Therefore I love Your commandments. Yes—shall they not have double valuation in my eyes, for the scorn and reproach which the world cast upon them? They count them dross—I love them above gold—yes, above fine gold. This hope, confidence, and idol of the worldling, the love of which has been the ruin of thousands—is not the commandment of God more to be desired than it? "The merchandise of it is better than the merchandise of silver, and the gain thereof than fine gold. It is more precious than rubies and all the things you can desire are not to be compared unto it." Here has the Lord unlocked to us His golden treasure, and enriched our souls with "the unsearchable riches of Christ."
This image brings the miser before us. His heart and treasure are in his gold. With what delight he counts it! with what watchfulness he keeps it! hiding it in safe custody, lest he should be despoiled of that which is dearer to him than life. Such should Christians be: spiritual misers: counting their treasure, which is above fine gold; and "hiding it in their heart," in safe keeping, where the great despoiler shall not be able to reach it. Oh, Christians! how much more is your portion to you than the miser's treasure! Hide it; watch it; retain it. You need not be afraid of covetousness in spiritual things: rather "covet earnestly" to increase your store; and by living upon it, and living in it, it will grow richer in extent, and more precious in value.
But have I through Divine grace been enabled to withdraw my love from the unworthy objects which once possessed it: and to fix it on that which alone offers satisfaction? Let me attempt to give a reason to myself of the high estimation in which I hold it, as infinitely transcending those things, which the world venture their all—even their temporal happiness—to obtain. Therefore I love the commandments of God above gold: yes, above fine gold—because, while the world and my own heart have only combined to flatter me, they have discovered to me my real state, as a self-deceived, guilty, defiled sinner before God: because they have been as a "schoolmaster to bring me to Christ"—the only remedy for sin, the only rest for my soul. I love them; because they have often supplied wholesome reproofs in my wanderings, and plain directions in my perplexity. I love them; because they restrict me from that which would prove my certain ruin; and because in the way of obedience to them the Lord has "accepted me with my sweet savor." Should I not love them? Can gold, yes, fine gold, offer to me blessings such as these? Can it heal my broken heart? Can it give relief to my wounded spirit? Has it any peace or prospect of comfort for me on my death-bed? And what cannot—what has not—what will not—the precious word of God do at that awful season of trial? O my God, I would be deeply ashamed, that I love Your commandments so coldly—that they are so little influential upon my conduct—that they so often give place to objects of comparative nothingness in Your sight. O that my heart might be wholly and habitually exercised in them, that I may find the "work of righteousness to be peace, and the effect of righteousness, quietness, and assurance forever!"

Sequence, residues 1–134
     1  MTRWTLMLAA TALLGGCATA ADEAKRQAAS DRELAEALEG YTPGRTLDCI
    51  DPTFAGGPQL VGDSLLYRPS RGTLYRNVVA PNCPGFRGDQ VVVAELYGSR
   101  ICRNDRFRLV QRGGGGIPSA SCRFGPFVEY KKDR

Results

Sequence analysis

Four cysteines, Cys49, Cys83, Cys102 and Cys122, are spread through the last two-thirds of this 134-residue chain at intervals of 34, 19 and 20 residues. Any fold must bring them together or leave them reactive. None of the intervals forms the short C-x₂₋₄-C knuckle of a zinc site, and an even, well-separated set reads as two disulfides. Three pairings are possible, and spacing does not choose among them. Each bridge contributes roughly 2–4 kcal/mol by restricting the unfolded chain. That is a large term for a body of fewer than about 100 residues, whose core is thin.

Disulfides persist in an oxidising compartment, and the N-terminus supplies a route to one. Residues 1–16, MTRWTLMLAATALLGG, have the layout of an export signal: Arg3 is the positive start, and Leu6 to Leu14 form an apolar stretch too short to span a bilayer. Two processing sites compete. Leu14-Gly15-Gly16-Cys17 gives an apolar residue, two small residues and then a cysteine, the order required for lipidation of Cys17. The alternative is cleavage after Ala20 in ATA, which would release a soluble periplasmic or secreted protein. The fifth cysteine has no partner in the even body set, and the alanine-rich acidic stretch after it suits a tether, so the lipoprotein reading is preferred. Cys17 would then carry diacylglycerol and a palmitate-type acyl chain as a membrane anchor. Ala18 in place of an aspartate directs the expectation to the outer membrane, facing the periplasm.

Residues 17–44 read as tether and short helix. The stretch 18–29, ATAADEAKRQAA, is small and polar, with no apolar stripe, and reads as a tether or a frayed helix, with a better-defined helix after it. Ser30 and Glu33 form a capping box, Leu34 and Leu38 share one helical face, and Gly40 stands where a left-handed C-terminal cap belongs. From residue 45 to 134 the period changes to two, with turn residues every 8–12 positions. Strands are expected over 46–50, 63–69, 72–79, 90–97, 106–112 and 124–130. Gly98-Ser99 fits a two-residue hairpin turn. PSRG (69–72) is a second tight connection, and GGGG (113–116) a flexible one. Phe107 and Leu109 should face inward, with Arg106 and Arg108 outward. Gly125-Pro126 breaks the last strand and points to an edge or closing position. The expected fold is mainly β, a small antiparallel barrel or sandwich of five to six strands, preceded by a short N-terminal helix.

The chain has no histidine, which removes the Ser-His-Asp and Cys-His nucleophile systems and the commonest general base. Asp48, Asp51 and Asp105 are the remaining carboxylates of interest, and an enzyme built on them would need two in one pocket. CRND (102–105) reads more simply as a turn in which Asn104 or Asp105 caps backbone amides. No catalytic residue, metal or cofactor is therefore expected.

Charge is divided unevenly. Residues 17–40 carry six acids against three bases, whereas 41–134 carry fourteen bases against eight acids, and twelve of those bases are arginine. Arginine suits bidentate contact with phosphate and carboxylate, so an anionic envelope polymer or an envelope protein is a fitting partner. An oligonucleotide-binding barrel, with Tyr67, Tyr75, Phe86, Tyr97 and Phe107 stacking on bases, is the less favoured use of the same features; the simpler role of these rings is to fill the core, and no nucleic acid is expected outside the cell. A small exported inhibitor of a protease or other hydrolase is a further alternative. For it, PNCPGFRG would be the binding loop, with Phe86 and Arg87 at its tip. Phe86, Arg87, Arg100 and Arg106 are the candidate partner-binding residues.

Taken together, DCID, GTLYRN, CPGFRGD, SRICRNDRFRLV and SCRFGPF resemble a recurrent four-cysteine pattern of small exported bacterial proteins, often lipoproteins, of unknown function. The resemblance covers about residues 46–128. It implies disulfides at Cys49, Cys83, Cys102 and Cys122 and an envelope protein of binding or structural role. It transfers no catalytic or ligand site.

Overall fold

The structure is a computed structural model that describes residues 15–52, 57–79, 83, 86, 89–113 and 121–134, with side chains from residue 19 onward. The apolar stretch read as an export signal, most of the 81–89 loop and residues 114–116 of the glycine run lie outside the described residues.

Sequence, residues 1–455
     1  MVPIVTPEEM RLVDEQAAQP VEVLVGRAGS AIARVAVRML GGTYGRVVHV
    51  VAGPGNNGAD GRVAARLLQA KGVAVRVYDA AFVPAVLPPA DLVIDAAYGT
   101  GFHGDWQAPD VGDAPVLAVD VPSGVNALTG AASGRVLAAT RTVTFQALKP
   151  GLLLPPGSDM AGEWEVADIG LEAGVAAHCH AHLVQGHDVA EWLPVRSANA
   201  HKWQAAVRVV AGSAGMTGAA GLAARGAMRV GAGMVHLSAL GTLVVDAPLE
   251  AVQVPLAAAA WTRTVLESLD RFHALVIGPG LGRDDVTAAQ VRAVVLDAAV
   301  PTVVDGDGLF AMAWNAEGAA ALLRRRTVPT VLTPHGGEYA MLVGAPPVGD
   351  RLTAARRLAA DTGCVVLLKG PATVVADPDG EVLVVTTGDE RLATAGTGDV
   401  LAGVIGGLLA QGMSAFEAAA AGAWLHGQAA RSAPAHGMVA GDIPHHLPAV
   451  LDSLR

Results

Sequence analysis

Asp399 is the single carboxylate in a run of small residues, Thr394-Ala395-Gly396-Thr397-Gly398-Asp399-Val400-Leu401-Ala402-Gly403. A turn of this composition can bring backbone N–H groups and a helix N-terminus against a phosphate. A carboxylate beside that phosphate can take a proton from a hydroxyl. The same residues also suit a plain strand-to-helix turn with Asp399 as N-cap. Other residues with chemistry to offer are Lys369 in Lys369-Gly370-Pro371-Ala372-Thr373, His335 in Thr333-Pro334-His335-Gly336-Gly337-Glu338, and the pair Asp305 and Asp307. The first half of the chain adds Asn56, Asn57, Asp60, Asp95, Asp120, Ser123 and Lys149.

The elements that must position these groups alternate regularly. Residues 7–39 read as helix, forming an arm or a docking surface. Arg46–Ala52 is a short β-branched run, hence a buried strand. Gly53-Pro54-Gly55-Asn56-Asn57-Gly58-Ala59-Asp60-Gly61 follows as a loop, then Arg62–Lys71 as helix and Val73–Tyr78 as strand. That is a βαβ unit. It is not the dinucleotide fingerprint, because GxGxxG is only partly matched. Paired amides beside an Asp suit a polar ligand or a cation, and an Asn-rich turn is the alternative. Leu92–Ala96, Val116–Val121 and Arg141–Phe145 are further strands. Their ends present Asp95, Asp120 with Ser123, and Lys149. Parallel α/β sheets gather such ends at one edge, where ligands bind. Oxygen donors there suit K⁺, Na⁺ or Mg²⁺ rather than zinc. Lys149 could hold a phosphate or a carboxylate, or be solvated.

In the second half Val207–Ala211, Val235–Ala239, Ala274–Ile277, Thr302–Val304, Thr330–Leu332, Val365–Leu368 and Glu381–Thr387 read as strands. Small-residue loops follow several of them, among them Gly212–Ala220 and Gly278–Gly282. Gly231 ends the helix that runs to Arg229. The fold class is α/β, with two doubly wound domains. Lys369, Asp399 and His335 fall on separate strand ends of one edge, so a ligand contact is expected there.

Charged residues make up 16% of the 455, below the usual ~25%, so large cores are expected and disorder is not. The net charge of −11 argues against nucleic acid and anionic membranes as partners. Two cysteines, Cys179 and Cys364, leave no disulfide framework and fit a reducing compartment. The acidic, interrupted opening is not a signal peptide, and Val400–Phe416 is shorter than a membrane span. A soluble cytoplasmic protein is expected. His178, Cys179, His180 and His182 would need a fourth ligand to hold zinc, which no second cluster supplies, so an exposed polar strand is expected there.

As it was God's time to work, so it was David's time to love. So far from being swayed by the example of evil men, so as to join them in slighting the Scriptures, he was the rather led into a more vehement love of those divine revelations. He loved not only the doctrines, but the commandments. As he saw the commandments slighted by the ungodly, his heart was in sympathy with God, and he felt a burning affection for his holy precepts. It is the mark of a true believer that he does not depend upon others for his religion, but drinks water out of his own well, which springs up even when the cisterns of earth are all dried. Amid a general depreciation of the law, our holy poet felt his own esteem of it rising so high that gold and silver sank in comparison. Wealth brings with it so many conveniences that men naturally esteem it, and gold as the symbol of it is much set by; and yet, in the judgment of the wise, God's laws are more enriching, and bring with them more comfort, than all the choicest treasures. The Psalmist could not boast that he always kept the commands; but he could declare that he loved them; he was perfect in heart, and would gladly have been perfect in life. He judged God's holy commands to be better than the best earthly thing—gold; yes, better than the best sort of the best earthly thing—fine gold; and this esteem was confirmed and forced into expression by those very oppositions of the world which drive hypocrites to forsake the Lord and his ways.
A miser watches his treasure all the more eagerly when he hears that there are thieves abroad who are in league to deprive him of it The more men hate the eternal verities, the more do we prize them. We can truly say—
"The dearer, for their rage,
Your words I love and own—
A wealthier heritage
Than gold and precious stone."